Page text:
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Linda Besemer at Angles Gallery

November 19, 2008 | 11:30 am

It’s hard to imagine a painting that makes the bold, eye-grabbing punch of Op Art look tentative. But that’s exactly what Linda Besemer’s new works do. At Angles Gallery, her 11 abstract paintings crank up the visual dynamics of Bridget Riley’s crisp graphics and the buzzing colors of Julian Stanczak’s Linda Besemer, 'Double Wave #1' undulating grids in wall-size works of mind-blowing potency.

But instead of causing your optic nerves to go into spasms, Besemer’s dazzling pieces hit you in the solar plexus. The initial visual wallop is stunning. And it’s just the beginning.

The L.A. artist also shows herself to be a consummate colorist, her hard-edged bands of bright primary, secondary and tertiary colors so gently and deliberately playing off one another that they soften the laser-sharp lines and wildly warped grids of her otherwise abrupt compositions. Harshness gives way to subtlety and suppleness, creating embracing spaces you can get lost in without losing your way.

Besemer paints the same way she has for the last 12 years, laying a skin-like layer of acrylic on a gigantic sheet of glass and then using pin-striper's tape to add hundreds, sometimes thousands, of lines. She then peels off the thick layer of acrylic before hanging it, like a bath towel, over a metal rod or affixing it to a panel or directly to the wall.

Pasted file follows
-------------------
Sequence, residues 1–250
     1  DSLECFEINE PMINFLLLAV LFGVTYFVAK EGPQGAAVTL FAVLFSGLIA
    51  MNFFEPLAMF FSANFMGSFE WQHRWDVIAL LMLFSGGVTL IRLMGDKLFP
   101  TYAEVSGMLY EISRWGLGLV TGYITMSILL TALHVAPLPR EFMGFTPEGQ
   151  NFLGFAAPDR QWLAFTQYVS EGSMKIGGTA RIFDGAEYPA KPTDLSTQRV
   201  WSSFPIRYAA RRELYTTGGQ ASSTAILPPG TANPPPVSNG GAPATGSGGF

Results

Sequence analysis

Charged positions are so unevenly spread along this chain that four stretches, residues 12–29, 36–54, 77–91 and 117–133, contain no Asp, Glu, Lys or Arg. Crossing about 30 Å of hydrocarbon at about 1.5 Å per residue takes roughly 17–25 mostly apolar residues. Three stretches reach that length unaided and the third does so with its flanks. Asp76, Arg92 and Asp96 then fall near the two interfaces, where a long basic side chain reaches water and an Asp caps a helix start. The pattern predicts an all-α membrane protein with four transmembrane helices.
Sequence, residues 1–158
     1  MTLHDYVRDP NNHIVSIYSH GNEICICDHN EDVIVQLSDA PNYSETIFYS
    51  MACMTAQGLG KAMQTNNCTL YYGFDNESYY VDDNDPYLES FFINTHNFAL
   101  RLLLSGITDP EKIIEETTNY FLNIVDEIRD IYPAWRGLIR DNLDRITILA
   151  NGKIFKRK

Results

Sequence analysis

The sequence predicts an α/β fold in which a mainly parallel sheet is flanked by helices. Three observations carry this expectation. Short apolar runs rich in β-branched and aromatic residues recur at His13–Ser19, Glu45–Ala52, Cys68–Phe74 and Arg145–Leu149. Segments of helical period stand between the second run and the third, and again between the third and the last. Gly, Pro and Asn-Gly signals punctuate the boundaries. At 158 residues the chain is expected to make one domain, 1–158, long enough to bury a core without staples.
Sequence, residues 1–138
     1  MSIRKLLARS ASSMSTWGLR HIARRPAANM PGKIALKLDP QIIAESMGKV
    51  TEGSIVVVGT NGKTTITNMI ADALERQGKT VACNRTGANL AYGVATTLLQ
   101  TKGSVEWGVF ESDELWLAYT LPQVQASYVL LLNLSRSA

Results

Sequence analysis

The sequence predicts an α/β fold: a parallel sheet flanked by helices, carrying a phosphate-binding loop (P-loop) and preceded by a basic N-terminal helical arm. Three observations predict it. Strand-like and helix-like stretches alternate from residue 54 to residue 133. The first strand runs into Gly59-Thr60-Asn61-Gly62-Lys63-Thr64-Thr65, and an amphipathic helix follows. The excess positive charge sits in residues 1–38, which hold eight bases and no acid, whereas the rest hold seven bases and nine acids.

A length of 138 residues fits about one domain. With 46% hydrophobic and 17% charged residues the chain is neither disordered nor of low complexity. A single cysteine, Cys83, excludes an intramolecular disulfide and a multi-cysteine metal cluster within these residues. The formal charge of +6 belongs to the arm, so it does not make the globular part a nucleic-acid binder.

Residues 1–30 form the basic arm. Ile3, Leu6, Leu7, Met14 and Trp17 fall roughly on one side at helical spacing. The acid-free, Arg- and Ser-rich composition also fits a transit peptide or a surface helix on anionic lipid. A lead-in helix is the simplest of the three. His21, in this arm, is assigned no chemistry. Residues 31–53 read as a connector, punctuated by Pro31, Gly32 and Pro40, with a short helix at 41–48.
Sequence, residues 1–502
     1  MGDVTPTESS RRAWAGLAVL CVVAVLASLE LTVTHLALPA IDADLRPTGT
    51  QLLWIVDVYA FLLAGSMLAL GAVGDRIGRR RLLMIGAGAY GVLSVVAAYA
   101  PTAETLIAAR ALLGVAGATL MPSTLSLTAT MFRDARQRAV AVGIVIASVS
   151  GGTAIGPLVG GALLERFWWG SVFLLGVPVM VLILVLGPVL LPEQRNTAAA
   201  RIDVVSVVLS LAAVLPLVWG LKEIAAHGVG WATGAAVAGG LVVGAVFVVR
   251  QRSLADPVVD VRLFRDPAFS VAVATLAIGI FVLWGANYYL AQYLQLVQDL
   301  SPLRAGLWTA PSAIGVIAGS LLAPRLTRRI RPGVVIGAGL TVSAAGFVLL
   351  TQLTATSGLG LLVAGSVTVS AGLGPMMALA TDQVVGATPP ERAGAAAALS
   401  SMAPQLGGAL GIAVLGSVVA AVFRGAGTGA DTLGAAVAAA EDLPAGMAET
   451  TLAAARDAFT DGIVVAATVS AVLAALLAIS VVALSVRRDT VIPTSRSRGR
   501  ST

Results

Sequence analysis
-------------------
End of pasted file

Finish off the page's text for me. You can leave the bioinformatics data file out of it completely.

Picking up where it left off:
In the old days, her lines were all ruler-straight — vertical, horizontal and diagonal. Not so long ago, she added curved lines whose widths shifted to suggest space. Now, she throws sine waves into the mix, crisscrossing the undulating lines and bending them back into space as if each described the path of a soccer ball with so much spin on it that no one could stop it.

The result is an operatic extravaganza that has as much to do with the madcap physicality of Baroque painting, sculpture and architecture as it does with the two-dimensionality of Op designs and the flexibility of computer graphics.

In Besemer's hands, paint does not sit around like a wallflower: It leaps into your face and into your space, where it makes your eyes and heart race.

On Friday look for reviews of Yishai Jusidman at Angstrom, Krysten Cunningham at Cottage Home and Cole Case at Western Project.

-- David Pagel

Photo: Linda Besemer, "Double Wave #1;" Angels Gallery